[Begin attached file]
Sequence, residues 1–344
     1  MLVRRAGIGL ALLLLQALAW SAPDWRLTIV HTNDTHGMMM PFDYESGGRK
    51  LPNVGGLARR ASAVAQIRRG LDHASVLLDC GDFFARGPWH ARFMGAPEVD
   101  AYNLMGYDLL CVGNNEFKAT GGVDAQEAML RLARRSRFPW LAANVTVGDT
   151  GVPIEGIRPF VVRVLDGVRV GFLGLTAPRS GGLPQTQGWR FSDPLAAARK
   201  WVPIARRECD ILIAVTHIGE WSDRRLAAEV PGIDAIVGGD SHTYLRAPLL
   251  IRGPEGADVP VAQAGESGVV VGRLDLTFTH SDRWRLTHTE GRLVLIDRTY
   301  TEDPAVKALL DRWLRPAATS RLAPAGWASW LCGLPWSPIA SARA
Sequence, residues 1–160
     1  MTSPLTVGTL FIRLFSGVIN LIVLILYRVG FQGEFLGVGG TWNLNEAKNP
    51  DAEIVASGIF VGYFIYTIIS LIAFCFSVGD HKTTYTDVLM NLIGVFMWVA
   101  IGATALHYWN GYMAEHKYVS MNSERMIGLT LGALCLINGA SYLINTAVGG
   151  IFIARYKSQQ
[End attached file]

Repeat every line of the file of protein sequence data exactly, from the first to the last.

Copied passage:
Sequence, residues 1–344
     1  MLVRRAGIGL ALLLLQALAW SAPDWRLTIV HTNDTHGMMM PFDYESGGRK
    51  LPNVGGLARR ASAVAQIRRG LDHASVLLDC GDFFARGPWH ARFMGAPEVD
   101  AYNLMGYDLL CVGNNEFKAT GGVDAQEAML RLARRSRFPW LAANVTVGDT
   151  GVPIEGIRPF VVRVLDGVRV GFLGLTAPRS GGLPQTQGWR FSDPLAAARK
   201  WVPIARRECD ILIAVTHIGE WSDRRLAAEV PGIDAIVGGD SHTYLRAPLL
   251  IRGPEGADVP VAQAGESGVV VGRLDLTFTH SDRWRLTHTE GRLVLIDRTY
   301  TEDPAVKALL DRWLRPAATS RLAPAGWASW LCGLPWSPIA SARA
Sequence, residues 1–160
     1  MTSPLTVGTL FIRLFSGVIN LIVLILYRVG FQGEFLGVGG TWNLNEAKNP
    51  DAEIVASGIF VGYFIYTIIS LIAFCFSVGD HKTTYTDVLM NLIGVFMWVA
   101  IGATALHYWN GYMAEHKYVS MNSERMIGLT LGALCLINGA SYLINTAVGG
   151  IFIARYKSQQ